Unfortunately for investment banks, it’s more or less impossible to forecast deal volumes. And even if you could, hiring bankers takes time and costs money. Because of this, they tend go through cycles of despair, denial and FOMO when it comes to the problem of trying to match staffing levels to business volumes. All through last year, a big reason for the overwork crisis was that nobody believed that business levels were sustainable.
Banks got over that concern this year. Barclays is only the latest bank to have started to increase headcount, while across the industry they’re poaching juniors from accountancy firms and fighting what recruiting firm Robert Walters calls a “war for talent”. But nobody seems to be asking the question – what happens if the music suddenly stops?
It might seem like a strange thing to say, with more people talking about a secular growth trend. But things can change quickly. For example, if one were asked to name the hottest possible segments of 2021 so far, two of the most obvious replies might be “mainland China IPOs” and “SPACs”. And both of those markets have significant question marks over them; the Didi IPO flop and the new foreign listing rules in China have reminded investors how much legal risk they are really taking, while global regulators have started firing shots across the bows of SPAC sponsors. Having chased a rising trend, some banks might find themselves over-extended if conditions turn.
Of course, in a proper bull market, doors open as fast as they shut. At present, bankers are betting on being able to redirect the flow of mainland China deals to Hong Kong from New York, while London is loosening rules on SPACs just when other markets seem ready to tighten them. Although some particular specialities might be in less demand after Labor Day than they were in the first half, any manager who wants to remain optimistic still has, for the moment, enough data points to justify that view.
And even if the outlook does definitely worsen, it might not be the currently hot areas which take the strain. Markets like China are seen as long term investments, and some banks have suffered in the past from taking an “off and on” approach.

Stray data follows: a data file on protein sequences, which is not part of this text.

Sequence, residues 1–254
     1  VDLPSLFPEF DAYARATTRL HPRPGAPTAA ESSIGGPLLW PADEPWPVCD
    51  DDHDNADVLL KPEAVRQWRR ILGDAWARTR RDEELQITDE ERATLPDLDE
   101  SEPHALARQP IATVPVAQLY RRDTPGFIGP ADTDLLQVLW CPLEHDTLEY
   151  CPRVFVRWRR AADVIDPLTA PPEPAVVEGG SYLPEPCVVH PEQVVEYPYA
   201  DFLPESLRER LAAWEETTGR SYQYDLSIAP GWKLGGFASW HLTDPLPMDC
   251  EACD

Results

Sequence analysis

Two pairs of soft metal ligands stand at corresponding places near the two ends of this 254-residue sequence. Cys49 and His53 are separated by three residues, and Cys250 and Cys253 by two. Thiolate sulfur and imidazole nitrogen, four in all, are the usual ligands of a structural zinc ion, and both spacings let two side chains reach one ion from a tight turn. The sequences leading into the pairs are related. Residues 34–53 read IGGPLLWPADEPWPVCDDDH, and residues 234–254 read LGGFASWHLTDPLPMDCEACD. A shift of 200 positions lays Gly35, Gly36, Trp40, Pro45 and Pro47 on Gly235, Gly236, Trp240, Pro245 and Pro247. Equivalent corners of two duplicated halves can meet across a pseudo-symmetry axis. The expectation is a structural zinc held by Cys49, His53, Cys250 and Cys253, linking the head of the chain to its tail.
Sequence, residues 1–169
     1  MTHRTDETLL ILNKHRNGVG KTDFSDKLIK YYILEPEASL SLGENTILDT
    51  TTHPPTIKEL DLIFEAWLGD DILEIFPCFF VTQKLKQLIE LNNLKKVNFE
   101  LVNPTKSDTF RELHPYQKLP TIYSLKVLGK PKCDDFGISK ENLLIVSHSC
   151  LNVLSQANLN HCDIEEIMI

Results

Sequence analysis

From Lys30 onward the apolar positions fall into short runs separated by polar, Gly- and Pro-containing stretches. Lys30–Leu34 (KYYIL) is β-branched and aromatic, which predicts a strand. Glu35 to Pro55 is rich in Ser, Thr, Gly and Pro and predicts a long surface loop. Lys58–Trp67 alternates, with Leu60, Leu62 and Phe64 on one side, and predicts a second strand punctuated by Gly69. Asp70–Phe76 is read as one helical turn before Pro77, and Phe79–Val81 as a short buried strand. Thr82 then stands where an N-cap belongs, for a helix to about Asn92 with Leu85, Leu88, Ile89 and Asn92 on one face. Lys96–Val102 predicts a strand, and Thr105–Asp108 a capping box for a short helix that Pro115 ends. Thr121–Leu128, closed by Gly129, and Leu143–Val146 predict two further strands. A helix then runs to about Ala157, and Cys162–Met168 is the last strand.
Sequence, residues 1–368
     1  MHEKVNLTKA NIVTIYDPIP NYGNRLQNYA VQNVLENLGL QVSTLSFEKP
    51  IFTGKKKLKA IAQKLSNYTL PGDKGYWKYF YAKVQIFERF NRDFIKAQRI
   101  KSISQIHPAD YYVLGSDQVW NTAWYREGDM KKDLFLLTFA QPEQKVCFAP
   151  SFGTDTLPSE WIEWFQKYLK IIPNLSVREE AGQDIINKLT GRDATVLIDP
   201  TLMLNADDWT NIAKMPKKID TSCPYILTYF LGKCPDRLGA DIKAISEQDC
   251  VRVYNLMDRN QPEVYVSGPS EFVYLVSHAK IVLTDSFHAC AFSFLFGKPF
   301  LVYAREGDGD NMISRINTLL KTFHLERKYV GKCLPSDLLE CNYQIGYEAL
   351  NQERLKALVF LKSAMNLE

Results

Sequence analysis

It's a reminder that when you're thinking about a new job, it's not just about immediate compensation number or the next potential promotion, but strategic issues. – How committed is a potential employer to this market? How strong is the overall franchise? If things go bad, how quickly will they come under pressure to make cuts? It’s not exactly fun to think about these sorts of things, but it might save a lot of grief in the future.
Separately, are hot people better at research? Actual (social) science in the form of a research paper by three economists has found “robust evidence” that “attractive individuals are more likely to study at higher ranked institutions” and more likely to be offered good jobs in the field of academic economics. On its own, that conclusion might be considered either sour grapes or a humblebrag on the part of the authors, but they also found that academic papers written by hotter economists got more citations.
If that’s true in academic research, it’s likely to be true in banking as well. Although bankers have historically been under-represented on TV’s “Love Island” relative to lawyers, that doesn’t mean that bankers aren’t attractive enough. (In fact, the new HBO series “F-Boy Island” has one contestant who claims to be an investment banker, but we haven’t found him on LinkedIn yet). Perhaps the really hot bankers have also been given the best jobs and the most lucrative deals, and the reason they aren’t showing off on reality TV is that they’ve got work to do all summer.
David Wildermuth has gone from being deputy Chief Risk Officer at Goldman Sachs to CRO at Credit Suisse. Since Goldman, quite famously, managed to avoid taking big losses in the liquidation of Archegos, there might be a certain logic to that; it’s also notable that Lara Warner’s old title of Chief Risk and Compliance Officer is not being reunified. (Reuters)
“You’re finally pulling in six figures – why don’t you feel better about your job?”. While many bankers would immediately answer “because I want seven”, psychologists suggest that beyond a certain, surprisingly low point, money has diminishing returns in terms of happiness. (Business Insider)
Possibly too early to tell, but one year after the Security Law came in, Hong Kong still looks like it’s kept its position as the regional financial capital. People keep responding to surveys saying that they’re thinking of leaving, but so far there’s no evidence of this really happening at scale. (Bloomberg)
The US government has auctioned off “pharma bro” Martin Shkreli’s unique Wu-Tang Clan album, as part of the civil forfeiture element of his case. It was bought by someone who “wishes to remain anonymous for now”, so worth keeping an ear out to see if any tracks pop up in DJ D-Sol’s set. (WSJ)
Standard Chartered has launched an apprenticeship scheme which will put school-leavers on track to a front-office investment banking job without necessarily having to go to university at all, let alone an elite school. (Financial News)
A business school professor says what everyone else is scared to about remote working – there is too damn much employee collaboration, not too little. High performers apparently collaborate 18-24% less, buying them an entire extra day per week of working time. (Bloomberg)
“The research produced by the sycophants and stenographers at investment banks is part of a promotion machine”. Independent stock research companies are getting really angry at what they see as predatory below-cost pricing by the bulge bracket. (FT)
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